ferro rod fire lighter

The Ferrocerium rod

You may have noticed that a lot of things in survival revolve around fire. It is no accident that we focus our time on this subject with great emphasis.

All fires start with ignition. This can be from various sources from primitive methods such as a dull spark from flint and steel to friction and an ember. Man has created many methods to give initial flame such as lighters and matches, unfortunately though, these have a short life span and are heavily affected by water ingress. The humble lighter though is very durable, and after unearthing one which has spent ages in the wet ground I have managed to clean and dry it out rapidly and get a usable flame. Never walk past a discarded lighter!

This leads us to one of the most valuable tools in the world of survival. The Ferro rod.

Ferrocerium was invented in 1903 by an Austrian named Carl Auer. It soon became the ignition source of choice for many pieces of equipment and has become a very popular piece of equipment for knowledgeable outdoorsmen and women. Call me a pedant, but if any “pro” calls it flint and steel, run away from them and don’t look back, they are a charlatan!

It works simply by scraping the material with an item harder than itself, the sparks that are created can then ignite various tinders, both natural and manmade.

The beauty of the “fire steel” is that it is unaffected by water and will give many thousands of fires. The only downside is that without the knowledge to use it correctly many struggle to find it a reliable method of creating ignition.

I always carry a lighter, in fact I carry two, but the ferro rod is always with me and I have another in my pack. We teach it’s use on all of our experiences at different levels and it is held with the same importance as our knife.


This is the key, in fact this is the key to all fire lighting. However, with sparks we need to make even more effort to find and process the correct materials. I have compiled a short list of possibles below:

  • Cotton wool and Vaseline (the old fave)
  • Fatwood (this needs a high resin content)
  • Feather sticks (willow, hazel and conifer are the best)   
  • Char cloth
  • Birch bark
  • Dry fibrous material such as grasses/bracken and moss (I used an old birds nest once)  

The list goes on and on, Mors Kochanski has a very good video on YouTube demonstrating all the tinders under the sun. He is very thorough!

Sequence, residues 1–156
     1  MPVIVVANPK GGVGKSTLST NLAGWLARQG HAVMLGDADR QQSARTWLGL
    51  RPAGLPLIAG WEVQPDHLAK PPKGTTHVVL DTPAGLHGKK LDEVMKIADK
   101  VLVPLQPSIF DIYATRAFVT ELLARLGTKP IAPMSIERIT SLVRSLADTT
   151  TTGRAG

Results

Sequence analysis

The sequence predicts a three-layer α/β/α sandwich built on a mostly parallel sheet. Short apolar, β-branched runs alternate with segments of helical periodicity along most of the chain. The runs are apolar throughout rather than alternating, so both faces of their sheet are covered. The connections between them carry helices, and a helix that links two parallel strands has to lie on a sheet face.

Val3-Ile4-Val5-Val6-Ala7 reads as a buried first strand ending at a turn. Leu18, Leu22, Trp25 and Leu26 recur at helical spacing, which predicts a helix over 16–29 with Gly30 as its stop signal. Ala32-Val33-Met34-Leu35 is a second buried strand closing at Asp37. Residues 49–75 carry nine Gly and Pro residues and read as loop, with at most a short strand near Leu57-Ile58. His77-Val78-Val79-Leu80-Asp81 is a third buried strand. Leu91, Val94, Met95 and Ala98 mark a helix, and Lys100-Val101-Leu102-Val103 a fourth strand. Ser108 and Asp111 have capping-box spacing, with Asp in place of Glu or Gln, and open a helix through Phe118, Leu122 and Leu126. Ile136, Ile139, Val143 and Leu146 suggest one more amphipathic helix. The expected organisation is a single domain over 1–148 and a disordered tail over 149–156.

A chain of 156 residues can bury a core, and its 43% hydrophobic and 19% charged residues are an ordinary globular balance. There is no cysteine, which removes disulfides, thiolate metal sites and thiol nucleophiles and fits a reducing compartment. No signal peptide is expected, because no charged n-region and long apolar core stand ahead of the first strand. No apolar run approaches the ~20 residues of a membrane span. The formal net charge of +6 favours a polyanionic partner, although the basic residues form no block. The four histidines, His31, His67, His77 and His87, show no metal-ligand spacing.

Personally I always carry tinder but seldom use it. I find I am surrounded by birch trees and utilise the bark for most of my fires. Either that or I use feather sticks if necessary.
We demonstrate all the possible tinders on our fire lighting sessions; though I still feel that for the effectiveness and the price you can’t beat cotton wool and Vaseline.

The striker is very important. We must have something to scrape the rod with. I have found broken glass to be very effective. The spine of a knife, when properly prepared, is well placed along with the spine of the saw on a swiss army knife. Most come with a small striker though. I would still advise you to experiment with other options in case this is lost.

Birch (Betula pendula)

This is one of the UK’s most recognised trees and one of our most useful. Unfortunately many have no idea of its usefulness! The birch tree is a pioneer species, meaning it is very good at being a tree. This is handy as it is also very good at dying. When this happens we can find it laying on the forest floor with the wood rotten and wet but with the bark still fully intact and full of oil, which when correctly processed this is one of the UK’s best tinders on offer.

Learn your trees and their uses

So the moral of the story is to always have the ability to make fire on your person. I would always advise multiple methods of ignition and know how to use them and the basics of fire lays and finding dry kindling and fuel.

Making fire is our unique skill as humans, it separates us as the apex species and allows us to create tools, glue, cook food, boil water, signal, provide light and warmth, a sense of place and the intrinsic characteristics of being human. Without it, the world is a dark cold place, with it, we can survive and thrive.

The Ferrocerium rod

Learn these skills on the following course: